I couldn’t tell from the website whether or not 21st century children actually ever play with their placenta bear or not. I suspect not since it was displayed in a glass container. It didn’t look all that sturdy to tell you the truth. Instead, it appeared to be kind of decorative, if by decorative, you mean ‘Silence-of-the-Lambs-basement’ decorative.

I blame the mother, here. I really do. Isn’t it enough that she experienced a healthy pregnancy and delivered a child? I would imagine the existence of the child is proof enough of the miracles her nourishing womb is capable of producing. But no, that’s not enough. She needs her placenta on display, albeit shaped and stuffed, to prove to the world that she and her body nursed a child to life.

I ask you: why else would someone do this? It’s the worst kind of “look at me,look at me, look at me, please” behavior because it’s not even honest. They disguise it as something ostensibly for their child. And the worst part? If this is what they do after just a few weeks or months of motherhood, what will they do after years? Oy. This is just the beginning.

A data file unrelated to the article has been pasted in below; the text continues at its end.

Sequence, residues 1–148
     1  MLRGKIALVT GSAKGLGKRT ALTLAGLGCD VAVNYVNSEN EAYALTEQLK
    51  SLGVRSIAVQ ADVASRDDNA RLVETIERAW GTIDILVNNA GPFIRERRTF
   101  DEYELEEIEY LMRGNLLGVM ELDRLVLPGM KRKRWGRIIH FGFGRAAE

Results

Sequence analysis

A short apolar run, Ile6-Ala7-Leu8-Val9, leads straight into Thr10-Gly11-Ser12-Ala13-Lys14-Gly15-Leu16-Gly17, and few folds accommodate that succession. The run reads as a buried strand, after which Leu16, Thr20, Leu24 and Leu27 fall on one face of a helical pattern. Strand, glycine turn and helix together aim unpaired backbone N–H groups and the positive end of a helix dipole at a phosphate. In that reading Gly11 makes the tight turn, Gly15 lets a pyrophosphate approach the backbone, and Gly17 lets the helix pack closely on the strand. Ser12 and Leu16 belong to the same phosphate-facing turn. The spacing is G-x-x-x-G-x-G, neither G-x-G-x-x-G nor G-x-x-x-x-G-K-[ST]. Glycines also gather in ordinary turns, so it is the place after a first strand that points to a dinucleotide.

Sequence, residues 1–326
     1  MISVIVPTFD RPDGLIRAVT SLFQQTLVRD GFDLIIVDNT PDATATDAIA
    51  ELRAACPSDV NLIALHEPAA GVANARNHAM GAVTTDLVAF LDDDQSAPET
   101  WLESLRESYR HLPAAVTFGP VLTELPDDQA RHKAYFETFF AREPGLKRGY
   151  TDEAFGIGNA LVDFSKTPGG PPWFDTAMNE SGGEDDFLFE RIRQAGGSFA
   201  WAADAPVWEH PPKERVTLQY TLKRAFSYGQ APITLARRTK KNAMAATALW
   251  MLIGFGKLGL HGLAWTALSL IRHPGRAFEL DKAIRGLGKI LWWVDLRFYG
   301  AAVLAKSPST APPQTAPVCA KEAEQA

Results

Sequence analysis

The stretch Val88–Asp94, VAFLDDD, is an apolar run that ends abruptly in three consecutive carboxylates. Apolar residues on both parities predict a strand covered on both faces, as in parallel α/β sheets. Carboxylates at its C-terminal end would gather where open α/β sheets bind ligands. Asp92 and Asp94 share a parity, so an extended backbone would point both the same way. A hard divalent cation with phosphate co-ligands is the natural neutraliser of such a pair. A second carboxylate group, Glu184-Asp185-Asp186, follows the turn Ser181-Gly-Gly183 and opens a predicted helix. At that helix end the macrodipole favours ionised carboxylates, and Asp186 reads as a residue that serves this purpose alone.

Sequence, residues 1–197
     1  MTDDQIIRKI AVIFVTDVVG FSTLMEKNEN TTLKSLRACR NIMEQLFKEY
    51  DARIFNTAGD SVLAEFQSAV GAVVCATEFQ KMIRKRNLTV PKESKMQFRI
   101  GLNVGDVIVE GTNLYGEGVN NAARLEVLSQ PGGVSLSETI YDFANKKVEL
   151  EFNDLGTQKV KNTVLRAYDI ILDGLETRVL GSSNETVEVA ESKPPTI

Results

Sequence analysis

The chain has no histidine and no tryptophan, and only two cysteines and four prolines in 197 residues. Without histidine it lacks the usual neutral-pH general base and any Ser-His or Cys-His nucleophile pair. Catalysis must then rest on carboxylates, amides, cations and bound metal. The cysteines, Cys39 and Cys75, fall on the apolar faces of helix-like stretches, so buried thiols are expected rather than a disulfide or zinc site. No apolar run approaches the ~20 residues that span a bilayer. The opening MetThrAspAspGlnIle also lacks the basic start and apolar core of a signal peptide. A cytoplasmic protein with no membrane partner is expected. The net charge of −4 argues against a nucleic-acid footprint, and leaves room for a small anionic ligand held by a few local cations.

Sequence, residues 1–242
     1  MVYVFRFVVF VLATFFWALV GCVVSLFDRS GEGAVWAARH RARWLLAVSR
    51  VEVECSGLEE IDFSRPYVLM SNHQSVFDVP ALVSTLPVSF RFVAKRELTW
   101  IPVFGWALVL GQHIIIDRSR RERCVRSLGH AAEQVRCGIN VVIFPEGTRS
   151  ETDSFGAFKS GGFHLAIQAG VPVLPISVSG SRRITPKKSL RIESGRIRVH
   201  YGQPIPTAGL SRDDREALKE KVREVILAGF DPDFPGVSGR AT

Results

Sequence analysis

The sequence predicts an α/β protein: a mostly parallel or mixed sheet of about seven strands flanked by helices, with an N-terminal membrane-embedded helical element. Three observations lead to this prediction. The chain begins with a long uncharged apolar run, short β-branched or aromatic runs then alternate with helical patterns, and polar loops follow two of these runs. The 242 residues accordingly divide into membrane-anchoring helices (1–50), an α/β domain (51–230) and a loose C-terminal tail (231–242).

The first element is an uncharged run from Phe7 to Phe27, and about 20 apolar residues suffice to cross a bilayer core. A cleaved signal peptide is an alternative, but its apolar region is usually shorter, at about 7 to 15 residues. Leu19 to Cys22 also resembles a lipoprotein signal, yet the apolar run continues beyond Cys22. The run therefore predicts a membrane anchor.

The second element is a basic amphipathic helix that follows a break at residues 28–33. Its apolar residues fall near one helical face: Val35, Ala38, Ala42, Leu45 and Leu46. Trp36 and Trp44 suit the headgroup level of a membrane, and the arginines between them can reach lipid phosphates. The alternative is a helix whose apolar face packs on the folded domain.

Tuesday, October 26, 2010

I'm a true Capricorn. (A statement that would mean so much more if I believed in astrology.)

Possibly surprising facts that may not be entirely obvious nor entirely congruent about me. I don’t promise this will be cohesive or satisfying. You’ve been warned.

Am I getting more impatient or are people getting dumber?
I hate when people make you stop giving out a phone number because they have to interrupt you to repeat the number after you. You know what I mean. You start with 101 (the area code, since we all now have nineteen phones with 14 different areas codes), and then they jump right in and say, “101”, then you say “202,” (“202” they exclaim, with great concentration), then you try to finish with 33 (“okay, 33”), and you finally conclude this complex algorithm with 44. (“44. So: 101-pause-202-pause-33-pause-44.”) Hate it. It makes me clench my teeth. How is it possible that you can hold no more than three numbers in your head at one time? How?